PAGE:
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How to repair a worn out clicker on an optical mouse

Picture of how to repair a worn out clicker on an optical mouse
After five years in a university computer lab, this mouse wouldn't respond to clicks very well, but after this two minute repair job, it's as sharp as it's first day!

All you need is a bad clicky mouse, like the one pictured, a phillips screwdriver, and a nail file.
 
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Step 1: Remove the screw

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There's only one screw in this model.

Step 2: Take the top off

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Using gentle pressure and careful motions, start at the back, and wiggle the mouse unti the top comes off. The top is attatched pretty tightly but it's just snapped together, you can pull it open, but be careful not to break it!

Step 3: Remove the buttons

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The buttons are one piece of springy plastic, held in to the top by a couple of springy plastic barbs. Push the barb back with your thumb and pull it past with your other finger.

Step 4: Chck it out!

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Make sure you're careful not to get the scroll wheel loose of it's springs. It's very hard to put back.

If you look at the back of the buttons you'll see some little indentations. These are caused by constantly being crushed into the little actuators inside the mouse by ham fisted, computer illiterate, college "students," whose parents money would have been better spent renting them an apartment in Mexico and sending them daily beer deliveries. These also are the root of the clicky-no-clicky problem.

Step 5: File it flat and reassemble

Picture of File it flat and reassemble
Use the nail file to flatten the surface where the indentations are. Be sure no raised areas exist which might prevent the actuators from being depressed once it is assembled. Reassembly should be easy unless you took the scroll wheel out. Now is also a good time to clean out any bits of people that have accumulated inside the mouse (icky!).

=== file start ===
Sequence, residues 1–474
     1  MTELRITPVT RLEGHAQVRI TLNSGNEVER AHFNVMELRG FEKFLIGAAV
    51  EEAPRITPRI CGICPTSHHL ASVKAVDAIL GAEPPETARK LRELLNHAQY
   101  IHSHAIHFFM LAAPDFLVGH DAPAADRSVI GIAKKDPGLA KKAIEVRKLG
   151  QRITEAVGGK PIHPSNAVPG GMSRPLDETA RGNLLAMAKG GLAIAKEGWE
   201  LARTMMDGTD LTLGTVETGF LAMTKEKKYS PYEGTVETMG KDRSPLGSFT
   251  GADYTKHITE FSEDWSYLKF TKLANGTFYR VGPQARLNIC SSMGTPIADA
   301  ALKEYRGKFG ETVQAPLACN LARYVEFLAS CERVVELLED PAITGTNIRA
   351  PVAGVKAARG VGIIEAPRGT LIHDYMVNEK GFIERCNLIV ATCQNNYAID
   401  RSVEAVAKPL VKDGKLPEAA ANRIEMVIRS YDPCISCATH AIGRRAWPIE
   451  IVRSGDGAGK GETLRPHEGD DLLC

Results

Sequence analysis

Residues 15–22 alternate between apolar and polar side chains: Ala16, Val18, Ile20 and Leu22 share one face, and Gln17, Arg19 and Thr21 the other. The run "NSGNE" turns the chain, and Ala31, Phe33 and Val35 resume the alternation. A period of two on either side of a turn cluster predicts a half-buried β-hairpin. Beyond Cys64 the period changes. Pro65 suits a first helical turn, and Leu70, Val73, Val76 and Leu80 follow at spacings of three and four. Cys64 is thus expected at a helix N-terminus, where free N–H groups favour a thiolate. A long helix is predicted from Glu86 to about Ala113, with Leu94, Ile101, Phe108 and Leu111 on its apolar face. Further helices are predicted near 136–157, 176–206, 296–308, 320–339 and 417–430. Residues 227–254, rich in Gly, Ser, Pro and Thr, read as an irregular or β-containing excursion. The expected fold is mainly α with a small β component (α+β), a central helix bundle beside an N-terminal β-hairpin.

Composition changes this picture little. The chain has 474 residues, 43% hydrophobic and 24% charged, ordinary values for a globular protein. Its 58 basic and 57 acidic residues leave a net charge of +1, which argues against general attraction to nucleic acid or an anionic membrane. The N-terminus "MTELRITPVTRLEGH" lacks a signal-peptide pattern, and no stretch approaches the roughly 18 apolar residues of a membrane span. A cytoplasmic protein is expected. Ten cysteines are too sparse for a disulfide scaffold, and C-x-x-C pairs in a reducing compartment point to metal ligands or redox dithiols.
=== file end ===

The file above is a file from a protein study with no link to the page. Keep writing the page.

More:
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kokh24 days ago
check this blog, it may be helpful.
http://home-fixed.blogspot.com/?m=1
sos_sifou1 year ago
If this solution doesn't work for you and if you have some soldering skills? you can switch between the two buttons of the mouse, it means that the right clicker will be soldered in the left and left clicker (which is the defected one) will be soldered in the right (it is less used than the left one).

I hope this bit helps :)

Yes, I've done this a couple of times and installed "new" microswitches from cheap thrift shop mice.

You can make your computer switch the left and right click. On my Control Panel there is a section labeled MOUSE where you can choose what the left and right side of the mouse do so you don't have to physically reverse them.

This switch is also useful if you want to change the hand you use for the mouse or if your having fatigue problems with your clicking finger.

fernan.myatt3 months ago

I ve got a Red Dragon Centrophorus Mouse. It is more modern but it has no screw and i have found no way of getting into its insides. Help me plz :D

Hi. Try to remove some of the "scratch-protectors" under your mouse. I found mine under these, but i bet you will need new ones after removing those.

ac9jg3 months ago

Thanks for the advice, I will try it tonight so I can use my computer again, but it better work!

keeboudi3 months ago

Usually the microswitches get worn out (internally) and you need to replace them. Also, if you file the actuators down *too* much, I would imagine they would no longer be able to push the switch plunger properly.

Caveat emptor!

EricS58 months ago

Wow! I have a 12+ year old Logitech MX500 mouse whose LMB became stubborn about a year ago. At first I kept spraying contact cleaner to the microswitch but it didn't really help that much.

Then I saw this article and this prompted me to look at the back of the LMB. And by golly, it really has worn down!

Anyway, instead of filing down the back of the button, I got some superglue and put a well aimed dab right smack in the part that was worn out. After the glue dried, it filled in the cavity.

Thanks for the tip!

PhillipS3 EricS55 months ago

This is excellent advice, which I have just put to good use (two layers of superglue) on a very cheap Advent mouse (sold by Currys in the UK) on which the clicker started to misbehave after about 7 months use. I actually bought a similar replacement just before doing the repair, as I did not want to be mouse-less if it didn't work, but I will now revert to using the old mouse and keep the new one as a spare!

Is it weird that I read your comment in a Stewie voice? :D

Perfectly normal.

I was proofreading my original comment in Stewie's voice too. :)

cazidutoit EricS57 months ago

Thanks so much to Eric and the writer of this all fixed yay =D

Scott2741 year ago

This problem is caused less due to ham fisted, computer illiterate etc users and more due to the use of smaller sized mice compared to the user's hand. When a user works with smaller mice, he/she gets used to gripping the mouse with fingers rather than controlling with palm, which causes the harder clicks and the clicker wearing out in shorter time. We also have less choice nowadays with mice being manufactured smaller and smaller.

Thank you for posting this. I watched a Youtube video and lost the url that showed how to make the scroll quiet I took out the spring and had to use your photo to put the black piece on the wheel back to together so thank you for helping me :)